Since every patient is unique, it’s hard to answer this question. We have seen some patients acknowledge improvement in just two visits, while others, although rare, may need months of therapy before seeing improvements. Usually some improvement is seen within 4-6 visits. Your participation in your own healthcare can also have a big impact. This means that you have to take some responsibility for your own health and do what your therapist asks you to do outside your treatment sessions. You are your therapist are a team. Improvement rates also depend on the severity of your condition and how long you have been suffering from it. The longer you’ve had your problem, and the more severe it is, will increase the time needed for treatment before you see improvements.


6. How long can I expect my therapy to last before I am healed/cured/fixed?

Again, each patient is unique, so this time frame can vary greatly. Research shows that it takes at least three months of treatment to create a permanent change in the body. We most often request a frequency of once a week for 12 total visits. That is why our office staff will ask you to schedule all 12 of your sessions before starting therapy. If you need more than 12 sessions, your therapist will discuss this with you after you have completed 12 visits and you will decide together whether continuing with therapy would benefit you or not. If so, your therapist will reevaluate you and send a progress note to your physician requesting an extension.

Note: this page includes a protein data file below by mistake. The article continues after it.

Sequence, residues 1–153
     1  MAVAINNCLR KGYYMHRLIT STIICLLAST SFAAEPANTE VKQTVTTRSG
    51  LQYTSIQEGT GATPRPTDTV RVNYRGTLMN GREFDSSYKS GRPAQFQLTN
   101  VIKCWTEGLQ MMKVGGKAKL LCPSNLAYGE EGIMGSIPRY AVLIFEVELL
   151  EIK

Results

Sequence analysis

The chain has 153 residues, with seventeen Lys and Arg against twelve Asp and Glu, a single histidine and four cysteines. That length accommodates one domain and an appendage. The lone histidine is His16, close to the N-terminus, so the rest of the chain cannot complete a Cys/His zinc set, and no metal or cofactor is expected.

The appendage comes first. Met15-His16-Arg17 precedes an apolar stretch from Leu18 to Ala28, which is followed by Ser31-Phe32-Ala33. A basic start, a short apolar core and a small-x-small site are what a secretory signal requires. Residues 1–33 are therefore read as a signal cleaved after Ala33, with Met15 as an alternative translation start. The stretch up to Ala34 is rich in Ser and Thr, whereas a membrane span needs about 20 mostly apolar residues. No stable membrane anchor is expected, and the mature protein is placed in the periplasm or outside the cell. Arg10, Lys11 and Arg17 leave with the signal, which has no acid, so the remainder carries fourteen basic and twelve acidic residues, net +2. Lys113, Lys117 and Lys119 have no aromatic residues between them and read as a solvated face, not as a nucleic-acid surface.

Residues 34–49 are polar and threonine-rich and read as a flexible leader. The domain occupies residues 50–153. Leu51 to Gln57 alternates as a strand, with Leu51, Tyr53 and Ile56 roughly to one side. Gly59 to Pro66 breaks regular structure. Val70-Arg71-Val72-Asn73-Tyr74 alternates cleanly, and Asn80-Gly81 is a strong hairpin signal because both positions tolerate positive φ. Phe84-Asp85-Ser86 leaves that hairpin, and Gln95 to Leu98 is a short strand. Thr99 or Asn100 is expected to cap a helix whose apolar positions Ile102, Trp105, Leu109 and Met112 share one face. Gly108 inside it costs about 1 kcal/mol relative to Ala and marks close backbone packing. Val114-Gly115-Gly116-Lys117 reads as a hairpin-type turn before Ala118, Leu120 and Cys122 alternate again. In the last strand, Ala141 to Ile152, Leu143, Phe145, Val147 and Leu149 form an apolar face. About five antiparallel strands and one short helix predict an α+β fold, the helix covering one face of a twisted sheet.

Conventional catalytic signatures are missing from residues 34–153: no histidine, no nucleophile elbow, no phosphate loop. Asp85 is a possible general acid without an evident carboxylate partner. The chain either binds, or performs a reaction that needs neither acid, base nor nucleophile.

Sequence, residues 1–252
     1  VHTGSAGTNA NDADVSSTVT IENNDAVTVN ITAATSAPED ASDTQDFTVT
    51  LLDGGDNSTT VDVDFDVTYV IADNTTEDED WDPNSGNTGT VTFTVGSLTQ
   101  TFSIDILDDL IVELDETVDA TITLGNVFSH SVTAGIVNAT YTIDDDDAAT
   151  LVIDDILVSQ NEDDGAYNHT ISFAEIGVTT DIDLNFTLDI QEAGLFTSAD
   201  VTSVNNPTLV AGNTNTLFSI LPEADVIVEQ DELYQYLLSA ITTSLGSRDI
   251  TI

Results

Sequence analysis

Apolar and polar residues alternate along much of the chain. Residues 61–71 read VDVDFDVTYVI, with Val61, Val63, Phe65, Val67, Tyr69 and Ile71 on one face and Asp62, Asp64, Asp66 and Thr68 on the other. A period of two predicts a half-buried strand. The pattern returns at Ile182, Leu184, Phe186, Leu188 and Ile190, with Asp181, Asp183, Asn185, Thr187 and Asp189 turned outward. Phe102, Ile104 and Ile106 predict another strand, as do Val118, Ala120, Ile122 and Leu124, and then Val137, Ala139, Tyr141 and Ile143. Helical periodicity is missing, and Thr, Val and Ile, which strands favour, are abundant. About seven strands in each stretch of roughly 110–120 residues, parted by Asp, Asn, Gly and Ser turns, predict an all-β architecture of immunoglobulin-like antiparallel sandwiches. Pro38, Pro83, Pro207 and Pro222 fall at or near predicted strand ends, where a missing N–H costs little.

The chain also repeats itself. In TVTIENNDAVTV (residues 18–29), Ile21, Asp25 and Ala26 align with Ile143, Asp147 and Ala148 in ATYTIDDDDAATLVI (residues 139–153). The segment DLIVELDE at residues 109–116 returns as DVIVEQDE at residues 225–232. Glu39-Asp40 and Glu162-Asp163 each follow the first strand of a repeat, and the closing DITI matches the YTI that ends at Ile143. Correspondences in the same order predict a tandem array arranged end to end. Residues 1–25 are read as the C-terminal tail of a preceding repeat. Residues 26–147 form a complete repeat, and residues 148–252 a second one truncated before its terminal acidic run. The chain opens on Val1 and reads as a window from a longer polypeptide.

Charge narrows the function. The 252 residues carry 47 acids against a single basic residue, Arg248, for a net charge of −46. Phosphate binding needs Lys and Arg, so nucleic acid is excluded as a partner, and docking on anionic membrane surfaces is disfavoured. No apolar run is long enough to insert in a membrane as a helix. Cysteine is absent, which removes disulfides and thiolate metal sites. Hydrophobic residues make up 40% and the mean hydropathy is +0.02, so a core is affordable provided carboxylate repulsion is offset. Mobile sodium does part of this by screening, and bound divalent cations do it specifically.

7. What are the credentials of my uro-gynecological physical therapist?

At Kirk Center for Healthy Living we are very selective in our hiring process. We take great care in selecting the most skilled therapists we can find. We also require that they attend multiple post-graduate continuing education courses every year, predominantly with the Herman & Wallace Pelvic Rehabilitation Institute and the Barral Institute, in addition to receiving one hour of one-on-one training with the owner of Kirk Center, Brandi Kirk, PT, BCB-PMB.
All licensed physical therapists have had to apply and be selected to attend Physical Therapy school. It is a very competitive process and only those will the highest grades and best potential are selected. Physical therapists have invested a minimum of 5 years into their undergraduate and graduate training at universities. Once they graduate, they have to sit for a State Board Exam and pass to receive their license to practice. In order to keep their license active, they must dedicate a certain number of hours to continuing education each year.
Uro-gynecological physical therapists have done everything listed above, but have also become a specialist in the field of pelvic health. As a specialist, all continuing education is focused on the conditions that we treat at Kirk Center. Some physical therapists have multiple letters after their names, indicating a license and/or certification in an area of study. Uro-gynecological physical therapists have been trained in internal vaginal and rectal evaluation and treatment techniques and by our state license we are legally allowed and qualified to perform these procedures.